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Canada clearly has a comparative advantage in natural resources, so it makes sense to allocate capital and labour there. But we don’t need a government policy for that. (Teck Cominco Ltd.)
Canada clearly has a comparative advantage in natural resources, so it makes sense to allocate capital and labour there. But we don’t need a government policy for that. (Teck Cominco Ltd.)

Economy Lab

'Adding value' to our raw materials won't make us rich Add to ...

Stories like this or this pop up quite regularly: calls for governments to adopt policies that will encourage the development of industries that will ‘add value’ to our raw materials before they are exported.



The idea is that such policies would produce more processing jobs in Canada, and they probably would. What is far from clear is whether or not those are the jobs we want to have Canadians working at.

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It’s important to keep in mind that when discussing international trade, exports are costs. The purpose of engaging in international trade is to import goods and services more cheaply than we can produce ourselves; exports are the price we pay in order to obtain those imports. Productive capacity that is devoted to making things that will be exported is productive capacity that is not available for what really matters to Canadians’ economic welfare, namely, domestic consumption.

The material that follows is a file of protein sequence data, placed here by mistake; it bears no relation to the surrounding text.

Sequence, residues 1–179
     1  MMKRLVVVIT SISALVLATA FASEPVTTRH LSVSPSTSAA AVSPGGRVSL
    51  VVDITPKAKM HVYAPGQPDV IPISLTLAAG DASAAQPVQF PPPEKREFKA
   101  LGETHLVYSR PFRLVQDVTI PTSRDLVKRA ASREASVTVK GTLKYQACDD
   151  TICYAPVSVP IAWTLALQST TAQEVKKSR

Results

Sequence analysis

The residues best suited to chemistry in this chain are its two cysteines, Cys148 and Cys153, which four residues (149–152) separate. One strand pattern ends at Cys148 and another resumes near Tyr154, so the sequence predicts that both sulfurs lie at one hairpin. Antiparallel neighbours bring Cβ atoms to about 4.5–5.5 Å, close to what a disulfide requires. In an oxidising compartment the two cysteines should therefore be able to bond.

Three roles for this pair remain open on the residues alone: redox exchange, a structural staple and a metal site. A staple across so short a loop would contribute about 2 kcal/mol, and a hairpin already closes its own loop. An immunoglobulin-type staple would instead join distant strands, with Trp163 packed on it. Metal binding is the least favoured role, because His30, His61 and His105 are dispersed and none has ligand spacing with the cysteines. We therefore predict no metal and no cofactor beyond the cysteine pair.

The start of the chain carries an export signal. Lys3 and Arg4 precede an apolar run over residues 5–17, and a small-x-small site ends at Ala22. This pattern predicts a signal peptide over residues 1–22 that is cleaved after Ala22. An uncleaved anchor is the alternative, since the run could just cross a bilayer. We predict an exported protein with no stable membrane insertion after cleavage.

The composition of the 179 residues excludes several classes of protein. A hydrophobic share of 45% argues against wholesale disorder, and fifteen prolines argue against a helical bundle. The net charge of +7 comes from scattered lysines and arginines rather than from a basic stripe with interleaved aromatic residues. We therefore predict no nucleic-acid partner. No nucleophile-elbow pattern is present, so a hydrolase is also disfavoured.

Reallocating capital and labour to the export sector is sometimes the smart thing to do. When commodity prices fell in the 1990s, we were obliged to increase the value-added of our exports in order to pay for our imports. This shift increased employment in the manufacturing sector, but it didn’t increase Canadians’ buying power: it simply made the reduction less severe. When commodity prices rose again, we were able to shift back to producing more for the domestic market. (See also this parable demonstrating how increases in the value-added of exports can be associated with reductions in economic welfare.)



Canada clearly has a comparative advantage in natural resources, so it makes sense to allocate capital and labour there. But we don’t need a government policy for that; all we need is for investors and workers to respond to the high profits and high wages offered there. It is much less clear that we have a comparative advantage in processing industries. Indeed, the fact that government intervention seems to be necessary suggests that we don’t.



The promise of ‘more jobs’ for resource processing packs a considerable punch in electoral politics. But the next time you hear it, ask yourself how devoting more productive resources to making things for foreign consumption is going to make us better off.



Stephen Gordon's recent posts and Twitterfeed can be viewed here.



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